Religion and spirituality now have less and less influence on the life of society. Although early medical institutions focused precisely on providing this kind of care, modern medicine is based on evidence and a rational assessment of the world. However, religion and spirituality still play a significant personal role for many people, providing an opportunity to realize their place in the world and connect with others. Nurses are medical personnel whose primary goal is to provide the most comfortable and holistic patient care possible. Thus, they need to assess the needs of each individual to ensure the most favorable treatment outcome for them. Religious and spiritual practices, including prayer, can help many patients to reduce stress levels and experience less discomfort in unfamiliar surroundings.
Spirituality and religion are integral parts of nursing practice, as these aspects are essential to patients. Although spirituality is a broader term than religion, it is experienced in most cases through religious faith, values , and beliefs (Lalani, 2020). However, this concept, despite its increasing importance, remains difficult to define (Murgia et al., 2020). Medicine is a scientific discipline that relies on evidence and empirical knowledge of the world.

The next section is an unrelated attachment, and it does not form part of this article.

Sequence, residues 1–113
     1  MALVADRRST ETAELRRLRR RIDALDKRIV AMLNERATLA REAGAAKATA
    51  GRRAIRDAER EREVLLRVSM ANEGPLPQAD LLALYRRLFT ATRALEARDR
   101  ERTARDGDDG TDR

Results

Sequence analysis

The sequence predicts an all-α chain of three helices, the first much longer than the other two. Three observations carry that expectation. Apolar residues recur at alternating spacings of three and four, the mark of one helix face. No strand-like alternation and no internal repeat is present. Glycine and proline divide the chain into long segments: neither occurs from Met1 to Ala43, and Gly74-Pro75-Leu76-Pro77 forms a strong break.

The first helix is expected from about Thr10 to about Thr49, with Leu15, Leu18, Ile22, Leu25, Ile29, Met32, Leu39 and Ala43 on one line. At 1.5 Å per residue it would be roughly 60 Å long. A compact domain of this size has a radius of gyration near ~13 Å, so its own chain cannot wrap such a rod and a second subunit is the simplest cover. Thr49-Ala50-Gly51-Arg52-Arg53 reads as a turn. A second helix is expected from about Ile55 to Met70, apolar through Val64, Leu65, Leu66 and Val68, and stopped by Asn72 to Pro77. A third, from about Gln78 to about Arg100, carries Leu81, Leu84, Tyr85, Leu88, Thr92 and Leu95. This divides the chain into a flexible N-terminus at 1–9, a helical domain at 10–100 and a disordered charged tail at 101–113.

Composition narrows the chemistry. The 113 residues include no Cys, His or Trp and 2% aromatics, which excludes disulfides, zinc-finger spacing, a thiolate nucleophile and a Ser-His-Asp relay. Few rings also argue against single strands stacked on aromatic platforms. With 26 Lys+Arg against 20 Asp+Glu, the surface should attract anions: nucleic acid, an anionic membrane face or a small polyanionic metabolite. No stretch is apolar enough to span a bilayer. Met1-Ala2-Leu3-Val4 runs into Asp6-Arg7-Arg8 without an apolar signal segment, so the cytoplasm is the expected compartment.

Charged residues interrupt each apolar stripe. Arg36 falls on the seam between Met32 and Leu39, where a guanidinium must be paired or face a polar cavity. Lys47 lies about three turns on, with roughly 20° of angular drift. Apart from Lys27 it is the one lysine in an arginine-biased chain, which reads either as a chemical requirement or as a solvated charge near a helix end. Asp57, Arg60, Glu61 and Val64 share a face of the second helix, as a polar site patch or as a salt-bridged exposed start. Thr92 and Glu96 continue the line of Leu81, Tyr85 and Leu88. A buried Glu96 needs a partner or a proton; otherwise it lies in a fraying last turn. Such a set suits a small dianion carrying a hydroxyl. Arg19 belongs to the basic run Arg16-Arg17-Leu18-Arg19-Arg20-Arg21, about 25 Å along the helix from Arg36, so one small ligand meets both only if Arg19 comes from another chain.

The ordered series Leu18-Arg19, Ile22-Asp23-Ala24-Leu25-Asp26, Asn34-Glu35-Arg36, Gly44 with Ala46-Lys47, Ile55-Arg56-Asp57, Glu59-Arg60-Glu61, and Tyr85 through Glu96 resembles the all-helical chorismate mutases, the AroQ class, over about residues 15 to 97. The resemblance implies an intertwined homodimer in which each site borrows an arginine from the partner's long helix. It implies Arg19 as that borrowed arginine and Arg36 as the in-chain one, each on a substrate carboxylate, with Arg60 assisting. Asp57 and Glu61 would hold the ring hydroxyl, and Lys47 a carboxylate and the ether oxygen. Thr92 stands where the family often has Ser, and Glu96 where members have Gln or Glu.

However, nursing is most closely related to the emotional and psychological side of people, which makes it important for such professionals to consider the needs of patients holistically. Eckerd (2017) notes that “nine out of 10 American adults believe Jesus was a real person, and almost two-thirds have made a commitment to Jesus Christ” (p. 1). Thus, while receiving medical care, it is important for many people to experience not only emotional support but also a spiritual one since religion is incorporated into their picture of the world.
Spirituality can be an irrational and unreliable aspect of human cognition that has a significant impact on life. Researchers suggest that spiritual practices and religious beliefs also influence people’s well-being and health (as cited in Eckerd, 2017). People often feel the need to speculate about subjects they may not know for sure. Timmins & Caldeira (2017) define spirituality as “s the notion that people strive to make sense of, and derive meaning from, life events and seek to connect with the self, others and their community” (p. 51).